Thule Inc., maker of automobile racks and exterior cargo boxes, has a new line of products to aid with gear management inside your vehicle. The company’s (www.thuleracks.com) Load & Go products include specialized boxes, bags and containers to keep your gear — and your groceries — organized and easily accessible.
Load & Go products range in price from $15 to $75 and break down into three categories. The Go Packs, which are the Load & Go items made for hardshell rooftop cargo carriers, are essentially large nylon duffle bags. They are boxy and big — with 3,800 cubic inches of capacity — but shaped to fit the curves inside cargo carriers from Thule (though they work in similar boxes from Yakima and other companies as well).
The $30 Go Pack Cube comes in four colors and has a shoulder strap and a luggage tag to denote the cube’s contents. (“Ski Boots,” for example.) Go Pack Nose, also $30, is the same product, just with a slopped side to accommodate the nose end of a cargo carrier box. And the Go Pack Mesh, which has mesh sidewalls and a $40 price tag, is made to stow wetsuits, beach toys, kayak skirts, towels and other moistened goods.
All Go Pack products have zipper pockets and waterproof fabric on the base in case you set your luggage in a puddle.
Category No. 2 in the Load & Go series is all about trunk management. The $75 Go Box, made for “gear, groceries, and odds and ends,” as the Thule promotional material puts it, is a rigid open-top bin. It has multiple pockets and slots and a healthy 4,000 cubic inches capacity. Its cousin, the $60 Medium Go Box, has 3,000 cubic inches capacity; the Go Bin, a pocketed 2,100-cubic-inch version, is $50.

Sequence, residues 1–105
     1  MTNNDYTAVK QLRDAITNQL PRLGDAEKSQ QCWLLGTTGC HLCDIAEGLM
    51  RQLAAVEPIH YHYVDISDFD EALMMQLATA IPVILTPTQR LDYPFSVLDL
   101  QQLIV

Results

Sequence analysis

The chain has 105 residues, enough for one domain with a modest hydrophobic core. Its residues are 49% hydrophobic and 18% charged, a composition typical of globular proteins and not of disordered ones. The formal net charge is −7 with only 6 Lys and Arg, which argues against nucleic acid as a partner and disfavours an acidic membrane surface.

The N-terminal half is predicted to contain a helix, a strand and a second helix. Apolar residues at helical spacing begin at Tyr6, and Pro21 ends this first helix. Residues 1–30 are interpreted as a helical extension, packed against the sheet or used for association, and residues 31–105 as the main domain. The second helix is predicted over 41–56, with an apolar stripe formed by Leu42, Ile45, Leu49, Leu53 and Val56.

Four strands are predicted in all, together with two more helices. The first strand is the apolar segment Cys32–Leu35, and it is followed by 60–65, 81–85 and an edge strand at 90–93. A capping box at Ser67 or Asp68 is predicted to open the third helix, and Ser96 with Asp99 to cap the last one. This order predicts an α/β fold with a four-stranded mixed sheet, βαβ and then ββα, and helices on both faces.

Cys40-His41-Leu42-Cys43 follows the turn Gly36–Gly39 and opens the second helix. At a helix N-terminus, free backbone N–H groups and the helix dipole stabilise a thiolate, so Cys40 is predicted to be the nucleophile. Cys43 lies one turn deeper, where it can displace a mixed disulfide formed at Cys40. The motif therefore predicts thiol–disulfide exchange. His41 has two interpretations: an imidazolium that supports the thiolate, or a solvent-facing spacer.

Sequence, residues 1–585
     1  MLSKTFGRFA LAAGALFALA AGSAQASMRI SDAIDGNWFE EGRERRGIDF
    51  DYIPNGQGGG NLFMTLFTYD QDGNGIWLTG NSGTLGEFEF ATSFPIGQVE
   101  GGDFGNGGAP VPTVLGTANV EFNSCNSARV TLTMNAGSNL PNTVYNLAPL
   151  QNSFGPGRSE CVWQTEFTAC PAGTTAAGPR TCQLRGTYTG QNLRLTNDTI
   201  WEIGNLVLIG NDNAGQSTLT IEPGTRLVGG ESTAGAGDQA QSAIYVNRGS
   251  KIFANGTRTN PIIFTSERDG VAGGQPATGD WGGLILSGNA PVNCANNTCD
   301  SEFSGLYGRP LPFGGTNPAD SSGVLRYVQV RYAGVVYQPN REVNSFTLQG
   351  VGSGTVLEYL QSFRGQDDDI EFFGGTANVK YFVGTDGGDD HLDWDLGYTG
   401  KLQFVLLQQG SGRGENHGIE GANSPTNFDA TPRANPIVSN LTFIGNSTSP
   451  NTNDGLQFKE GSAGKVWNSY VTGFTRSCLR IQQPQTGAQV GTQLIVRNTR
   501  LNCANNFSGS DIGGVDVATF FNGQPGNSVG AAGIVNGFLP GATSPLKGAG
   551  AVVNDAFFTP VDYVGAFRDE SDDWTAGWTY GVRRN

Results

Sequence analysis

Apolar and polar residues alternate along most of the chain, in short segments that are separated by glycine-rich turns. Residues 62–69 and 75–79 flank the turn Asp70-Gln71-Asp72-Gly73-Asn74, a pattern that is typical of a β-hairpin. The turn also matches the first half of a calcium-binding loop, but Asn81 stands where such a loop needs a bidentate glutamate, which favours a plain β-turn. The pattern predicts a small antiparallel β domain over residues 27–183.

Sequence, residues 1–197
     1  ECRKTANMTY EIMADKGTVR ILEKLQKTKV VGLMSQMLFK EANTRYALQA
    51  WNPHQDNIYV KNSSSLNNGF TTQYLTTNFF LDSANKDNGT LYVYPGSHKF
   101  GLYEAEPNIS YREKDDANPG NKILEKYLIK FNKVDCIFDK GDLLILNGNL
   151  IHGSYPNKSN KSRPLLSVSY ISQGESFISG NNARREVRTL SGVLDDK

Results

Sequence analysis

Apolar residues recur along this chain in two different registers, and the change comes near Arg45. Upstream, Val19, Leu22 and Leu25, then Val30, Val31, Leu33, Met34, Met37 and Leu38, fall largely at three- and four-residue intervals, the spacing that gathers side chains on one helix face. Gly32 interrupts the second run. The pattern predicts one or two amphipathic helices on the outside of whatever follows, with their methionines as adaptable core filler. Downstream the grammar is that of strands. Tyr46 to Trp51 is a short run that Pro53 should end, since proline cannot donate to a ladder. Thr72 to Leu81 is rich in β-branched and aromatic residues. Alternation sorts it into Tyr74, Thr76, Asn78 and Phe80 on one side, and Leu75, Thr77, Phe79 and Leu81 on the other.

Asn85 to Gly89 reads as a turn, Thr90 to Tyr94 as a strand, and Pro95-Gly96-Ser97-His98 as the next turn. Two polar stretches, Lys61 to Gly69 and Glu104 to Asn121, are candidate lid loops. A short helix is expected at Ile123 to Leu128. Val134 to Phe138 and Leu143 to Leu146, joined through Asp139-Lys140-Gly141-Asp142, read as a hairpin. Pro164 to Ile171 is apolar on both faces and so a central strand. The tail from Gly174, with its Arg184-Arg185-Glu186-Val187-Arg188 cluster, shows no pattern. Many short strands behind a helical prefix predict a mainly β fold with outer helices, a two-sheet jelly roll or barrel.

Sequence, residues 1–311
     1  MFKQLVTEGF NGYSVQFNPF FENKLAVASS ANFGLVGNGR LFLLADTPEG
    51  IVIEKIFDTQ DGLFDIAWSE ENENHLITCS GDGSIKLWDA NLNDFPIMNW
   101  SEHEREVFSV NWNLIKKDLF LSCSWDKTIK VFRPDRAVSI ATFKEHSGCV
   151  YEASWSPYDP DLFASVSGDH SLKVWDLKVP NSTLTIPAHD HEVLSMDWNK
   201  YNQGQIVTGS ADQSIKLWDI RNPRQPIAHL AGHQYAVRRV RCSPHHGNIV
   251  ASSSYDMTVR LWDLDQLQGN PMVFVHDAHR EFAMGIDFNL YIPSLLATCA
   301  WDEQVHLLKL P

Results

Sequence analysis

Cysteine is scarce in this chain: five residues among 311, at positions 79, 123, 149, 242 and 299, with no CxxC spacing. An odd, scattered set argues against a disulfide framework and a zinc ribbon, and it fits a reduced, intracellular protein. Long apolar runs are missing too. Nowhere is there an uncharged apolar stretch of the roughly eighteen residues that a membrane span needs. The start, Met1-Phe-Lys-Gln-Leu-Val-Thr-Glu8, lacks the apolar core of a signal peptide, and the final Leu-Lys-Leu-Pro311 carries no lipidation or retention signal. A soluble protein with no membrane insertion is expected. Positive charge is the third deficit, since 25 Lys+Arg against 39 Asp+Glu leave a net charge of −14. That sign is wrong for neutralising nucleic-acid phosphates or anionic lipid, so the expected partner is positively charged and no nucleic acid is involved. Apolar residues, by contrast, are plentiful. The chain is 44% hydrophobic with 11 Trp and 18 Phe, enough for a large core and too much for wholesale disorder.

The top-of-the-trunk-line Go Box Express has wheels, padded handles and a zip-top closure. It costs $100 and will tote 4,500 cubic inches of gear. All Go Box products have anti-skid pads on the bottom to keep them in place during transit.
While the Go Boxes are nice for managing trunk flotsam, they are pricey for what you get: Essentially a giant Trapper Keeper folder for your gear.
Last in the Thule Load & Go line are three esoteric “cabin management” products, including the Litter Bin, a $20 trash container that attaches to a seatback headrest. The Console Caddy, which fits between the front two passenger seats in the middle console area, has pockets and dividers. It costs $15. Thule suggests storing cell phones, MP3 players, and other small accoutrements.
Finally, the Side Seat Organizer is just what it seems: an organizer unit that attaches to the side of a seat (with webbing buckle straps). It has three pockets, one with a mesh top, one with a zipper and the third with a rigid plastic sheath for, I assume, sunglasses, garage door openers and other automobile miscellany.